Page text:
Post by rapishad » Fri Dec 29, 2017 6:47 am

ynab.com

Every dollar

Quicken

Excel Spread sheets

mouses
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Re: Keeping a checkbook register

Post by mouses » Fri Dec 29, 2017 7:01 am

Good Listener wrote:
Thu Dec 28, 2017 6:55 pm
Thank you all for your comments. It seems that most are comfortable not keeping a register and most in that group use an alternate like Quicken or Mint. Im not interested in those. Without these, would you still not keep a register? I have added this to the initial post as well.
I used to keep a paper register and despite being careful and arithmetic-friendly :-) most months I would have go wade through it to find a small mistake.

A year or two ago I changed to keeping it in a Word document. The entries look like this:

check 1061 Dec 12 Pocasset $25
balance 621.95

check 1062 Dec 14 charlies rubbish removal $396
balance 225.95

The entries are in bold type and I change them to normal when a check is processed.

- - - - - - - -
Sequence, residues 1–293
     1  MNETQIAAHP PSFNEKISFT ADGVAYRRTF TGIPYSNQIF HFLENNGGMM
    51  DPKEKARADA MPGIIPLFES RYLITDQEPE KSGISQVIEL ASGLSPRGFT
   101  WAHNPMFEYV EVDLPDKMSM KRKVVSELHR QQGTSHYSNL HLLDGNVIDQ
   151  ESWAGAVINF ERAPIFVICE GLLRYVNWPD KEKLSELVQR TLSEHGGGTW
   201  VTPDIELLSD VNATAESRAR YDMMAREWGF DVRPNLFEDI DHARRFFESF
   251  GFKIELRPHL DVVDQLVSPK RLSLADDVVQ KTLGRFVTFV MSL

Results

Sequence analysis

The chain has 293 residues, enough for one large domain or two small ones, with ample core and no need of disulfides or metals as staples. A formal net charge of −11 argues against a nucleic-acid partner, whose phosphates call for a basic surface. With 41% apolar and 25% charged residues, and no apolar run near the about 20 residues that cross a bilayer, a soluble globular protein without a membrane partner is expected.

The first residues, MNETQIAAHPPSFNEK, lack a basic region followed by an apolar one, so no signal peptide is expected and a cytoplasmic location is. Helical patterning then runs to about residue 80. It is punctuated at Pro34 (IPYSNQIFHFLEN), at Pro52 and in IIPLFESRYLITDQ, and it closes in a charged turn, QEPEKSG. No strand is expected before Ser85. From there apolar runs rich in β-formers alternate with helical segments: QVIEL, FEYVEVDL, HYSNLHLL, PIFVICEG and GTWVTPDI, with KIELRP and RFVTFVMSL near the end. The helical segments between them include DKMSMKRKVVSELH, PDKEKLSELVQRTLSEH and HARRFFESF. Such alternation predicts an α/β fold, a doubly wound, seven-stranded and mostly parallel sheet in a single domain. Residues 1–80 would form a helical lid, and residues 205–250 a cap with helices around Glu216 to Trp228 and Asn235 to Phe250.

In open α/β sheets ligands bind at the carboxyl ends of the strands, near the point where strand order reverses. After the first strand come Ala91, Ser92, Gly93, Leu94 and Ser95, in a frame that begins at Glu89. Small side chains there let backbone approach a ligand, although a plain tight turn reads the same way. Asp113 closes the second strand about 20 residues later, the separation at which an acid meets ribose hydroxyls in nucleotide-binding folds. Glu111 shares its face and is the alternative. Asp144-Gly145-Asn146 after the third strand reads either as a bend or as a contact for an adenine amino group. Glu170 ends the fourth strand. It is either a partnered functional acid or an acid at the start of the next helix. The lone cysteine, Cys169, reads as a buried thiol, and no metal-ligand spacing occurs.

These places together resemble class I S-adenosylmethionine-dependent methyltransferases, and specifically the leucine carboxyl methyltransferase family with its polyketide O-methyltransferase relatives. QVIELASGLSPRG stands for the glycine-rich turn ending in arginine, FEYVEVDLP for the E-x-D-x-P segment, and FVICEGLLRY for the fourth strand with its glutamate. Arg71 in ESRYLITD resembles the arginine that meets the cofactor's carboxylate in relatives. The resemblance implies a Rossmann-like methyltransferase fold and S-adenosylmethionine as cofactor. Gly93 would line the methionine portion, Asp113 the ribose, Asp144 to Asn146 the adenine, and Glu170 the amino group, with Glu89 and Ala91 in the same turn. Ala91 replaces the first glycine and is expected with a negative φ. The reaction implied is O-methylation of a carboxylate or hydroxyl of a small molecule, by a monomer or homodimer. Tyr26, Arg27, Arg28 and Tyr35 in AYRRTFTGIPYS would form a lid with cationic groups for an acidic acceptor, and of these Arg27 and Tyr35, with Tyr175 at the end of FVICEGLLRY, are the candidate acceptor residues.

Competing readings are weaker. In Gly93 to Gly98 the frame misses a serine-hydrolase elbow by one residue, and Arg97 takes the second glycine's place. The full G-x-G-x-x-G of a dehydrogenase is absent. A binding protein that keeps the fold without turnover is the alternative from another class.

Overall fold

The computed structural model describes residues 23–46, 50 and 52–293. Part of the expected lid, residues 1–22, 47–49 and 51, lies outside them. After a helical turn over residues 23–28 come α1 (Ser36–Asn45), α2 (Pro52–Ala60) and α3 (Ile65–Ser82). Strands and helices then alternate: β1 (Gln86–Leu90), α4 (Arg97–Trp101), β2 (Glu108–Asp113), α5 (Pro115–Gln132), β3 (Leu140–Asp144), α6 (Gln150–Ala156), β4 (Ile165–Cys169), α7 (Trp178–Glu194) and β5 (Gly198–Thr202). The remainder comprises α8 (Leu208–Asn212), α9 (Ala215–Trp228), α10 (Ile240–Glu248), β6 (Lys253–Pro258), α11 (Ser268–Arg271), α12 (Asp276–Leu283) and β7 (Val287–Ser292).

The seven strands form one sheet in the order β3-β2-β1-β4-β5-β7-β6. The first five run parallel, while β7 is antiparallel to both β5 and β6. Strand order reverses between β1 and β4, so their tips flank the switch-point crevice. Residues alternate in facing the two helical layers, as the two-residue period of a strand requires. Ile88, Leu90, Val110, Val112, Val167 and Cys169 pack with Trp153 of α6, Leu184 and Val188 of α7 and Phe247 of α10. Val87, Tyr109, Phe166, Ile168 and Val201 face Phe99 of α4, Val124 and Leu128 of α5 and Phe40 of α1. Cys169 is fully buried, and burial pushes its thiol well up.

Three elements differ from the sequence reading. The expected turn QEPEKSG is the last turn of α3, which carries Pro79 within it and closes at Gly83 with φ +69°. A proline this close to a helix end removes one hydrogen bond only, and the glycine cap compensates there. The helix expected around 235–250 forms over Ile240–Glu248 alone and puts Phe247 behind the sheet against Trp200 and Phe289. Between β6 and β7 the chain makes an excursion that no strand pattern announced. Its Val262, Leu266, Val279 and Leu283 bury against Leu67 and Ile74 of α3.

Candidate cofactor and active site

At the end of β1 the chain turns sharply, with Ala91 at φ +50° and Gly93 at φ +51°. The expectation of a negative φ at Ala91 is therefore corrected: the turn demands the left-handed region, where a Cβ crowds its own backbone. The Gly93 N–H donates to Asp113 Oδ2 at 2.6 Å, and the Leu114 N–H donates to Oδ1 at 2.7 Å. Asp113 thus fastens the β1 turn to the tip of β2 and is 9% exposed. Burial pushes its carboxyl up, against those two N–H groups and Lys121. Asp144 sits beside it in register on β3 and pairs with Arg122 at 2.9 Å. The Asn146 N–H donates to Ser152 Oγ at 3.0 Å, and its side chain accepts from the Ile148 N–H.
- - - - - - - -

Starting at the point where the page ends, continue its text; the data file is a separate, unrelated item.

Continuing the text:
This is a lot cleaner than paper, because if I make a mistake I don't have crossouts for several items, I can just go through and change them. And for some reason I almost never make a mistake doing it this way. It is just cleaner with more space.

Once the file has gotten to be more than about a page, I archive the beginning of it with no unprocessed checks to a subfolder. If I ever need to find a check, I use Windows search.

I could use Excel so I didn't have to add and subtract, but then it would make archiving a mess.

I should add, this only works because I write all my checks at home, where I have easy access to my pc. I haven't carried my checkbook in my pocketbook in I don't know how long.

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bertilak
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Re: Keeping a checkbook register

Post by bertilak » Fri Dec 29, 2017 9:12 am

Good Listener wrote:
Thu Dec 28, 2017 4:18 pm
Added after numerous comments:
Thank you all for your comments. It seems that most are comfortable not keeping a register and most in that group use an alternate like Quicken or Mint. Im not interested in those. Without these, would you still not keep a register?
Can't say. Without Quicken, I would need to re-think my entire financial process. If I couldn't make it about as easy as Quicken (including not relying on a physical checkbook) I wouldn't be without Quicken or some other equivalent.